A chemical threat was reported by authorities following the detonation of an explosive device planted on a rail car in the Alameda Corridor, posing a life-threatening hazardous materials danger several miles wide. That was the scenario set by the Federal Emergency Management Agency (FEMA) and emergency agencies from the City of Compton for a practice exercise held on July 11 that was meant to prepare the municipality for a real-life large-scale disaster.
To hone its own response in case of emergencies on or affecting the campus, the Emergency Operations Center (EOC) team at California State University, Dominguez Hills participated in the drill.
“The Emergency Operations Center team occasionally performs these exercises in preparation of a real emergency. If we practice during times of low stress, we will be better prepared to handle the stress of a real emergency. This also gives us a chance to mitigate any small problems that may arise during the real thing,” said Gary Singer, emergency management and preparedness coordinator.
Thirty-plus employees from departments throughout the university, who have all been trained using state and federal emergency management protocols, make up the EOC team. They are responsible for managing and coordinating responses to emergencies affecting campus, and working with campus police as well as local, state and federal agencies to communicate needs and priorities. This could include building evacuation, coordinating medical aid for the care of injured persons, assessing damages, determining and making needed repairs, or in the example of the EOC’s public information officer (PIO), communicating the situation to faculty, staff, students and the public.
“The role of the university’s communications staff in the EOC is to disseminate information and instructions to the campus community, to the public and to the media as to what the emergency or crisis is, and what they should know and do to help protect themselves and others,” said Brenda Knepper, director of university communications and public affairs and the EOC’s PIO.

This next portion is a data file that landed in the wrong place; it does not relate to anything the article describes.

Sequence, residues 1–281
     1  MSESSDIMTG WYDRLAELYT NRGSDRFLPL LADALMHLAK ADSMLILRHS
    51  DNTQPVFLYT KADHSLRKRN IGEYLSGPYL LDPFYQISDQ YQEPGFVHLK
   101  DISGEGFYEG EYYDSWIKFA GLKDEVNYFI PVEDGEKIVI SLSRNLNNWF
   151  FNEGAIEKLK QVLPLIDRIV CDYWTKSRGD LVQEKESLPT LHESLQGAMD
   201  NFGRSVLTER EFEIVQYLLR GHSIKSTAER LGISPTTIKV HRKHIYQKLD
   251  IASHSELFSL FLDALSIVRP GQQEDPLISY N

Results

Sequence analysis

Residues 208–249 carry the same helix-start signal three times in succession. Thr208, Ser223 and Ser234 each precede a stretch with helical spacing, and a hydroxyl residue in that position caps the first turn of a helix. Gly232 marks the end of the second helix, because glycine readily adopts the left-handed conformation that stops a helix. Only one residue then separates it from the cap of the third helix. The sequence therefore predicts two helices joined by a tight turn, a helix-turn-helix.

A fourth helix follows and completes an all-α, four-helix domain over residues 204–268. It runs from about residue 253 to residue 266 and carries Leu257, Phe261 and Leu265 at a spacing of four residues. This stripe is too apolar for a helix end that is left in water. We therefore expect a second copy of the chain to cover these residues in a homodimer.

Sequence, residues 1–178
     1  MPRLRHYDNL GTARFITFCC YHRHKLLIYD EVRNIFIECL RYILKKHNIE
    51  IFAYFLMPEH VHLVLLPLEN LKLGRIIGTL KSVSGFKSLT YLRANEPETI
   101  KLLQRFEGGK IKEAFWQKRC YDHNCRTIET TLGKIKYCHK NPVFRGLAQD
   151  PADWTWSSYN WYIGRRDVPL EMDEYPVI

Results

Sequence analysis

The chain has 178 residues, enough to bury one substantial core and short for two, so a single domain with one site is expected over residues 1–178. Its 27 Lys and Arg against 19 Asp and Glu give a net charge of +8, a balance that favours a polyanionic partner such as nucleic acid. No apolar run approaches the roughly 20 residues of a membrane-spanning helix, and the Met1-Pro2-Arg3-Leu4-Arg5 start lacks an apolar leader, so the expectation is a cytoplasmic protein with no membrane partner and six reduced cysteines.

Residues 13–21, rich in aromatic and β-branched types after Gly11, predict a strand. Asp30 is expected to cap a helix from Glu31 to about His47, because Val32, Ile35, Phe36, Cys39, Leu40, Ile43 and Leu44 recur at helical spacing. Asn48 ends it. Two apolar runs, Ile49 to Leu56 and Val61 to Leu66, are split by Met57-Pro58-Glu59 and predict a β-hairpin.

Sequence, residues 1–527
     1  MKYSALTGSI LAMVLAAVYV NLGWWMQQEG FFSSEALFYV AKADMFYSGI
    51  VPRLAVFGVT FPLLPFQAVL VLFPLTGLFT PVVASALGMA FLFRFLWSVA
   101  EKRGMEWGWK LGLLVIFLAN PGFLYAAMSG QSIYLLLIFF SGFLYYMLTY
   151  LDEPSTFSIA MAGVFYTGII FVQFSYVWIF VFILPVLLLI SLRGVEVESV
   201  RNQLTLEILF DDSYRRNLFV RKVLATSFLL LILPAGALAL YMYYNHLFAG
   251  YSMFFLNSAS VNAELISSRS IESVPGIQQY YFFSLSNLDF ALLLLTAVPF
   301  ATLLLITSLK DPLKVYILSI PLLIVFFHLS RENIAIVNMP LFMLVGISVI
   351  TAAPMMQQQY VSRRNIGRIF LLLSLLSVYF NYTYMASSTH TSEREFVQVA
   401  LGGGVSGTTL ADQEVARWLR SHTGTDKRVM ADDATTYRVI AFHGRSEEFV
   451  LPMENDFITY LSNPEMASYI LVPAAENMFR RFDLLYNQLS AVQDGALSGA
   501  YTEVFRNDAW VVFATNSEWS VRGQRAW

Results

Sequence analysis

As would be the case in the event of real emergency, the EOC set up in the Extended Education building auditorium for the mock drill and was equipped with functional telephones, police walkie-talkies, televisions for monitoring news, interactive maps, and laptop computers with Internet access. Members were in contact with the City of Compton and were given status updates on how the “incident” was progressing. The CSUDH EOC then addressed the impact to campus and planned its response.
As a result of the exercise, Singer said the university EOC team fostered relationships with neighboring cities and law enforcement agencies.
“We worked closely with the City of Compton and their school police departments to make this exercise a success. We will continue to work with our neighbors in both the public and private sector to build a ‘whole community’ approach to emergency preparedness,” Singer said.
He iterated to the EOC team that the priorities—in this order—are to preserve life, to preserve property, and to return to normalcy.
For more information about emergency procedures on campus, visit the university’s emergency preparedness webpage.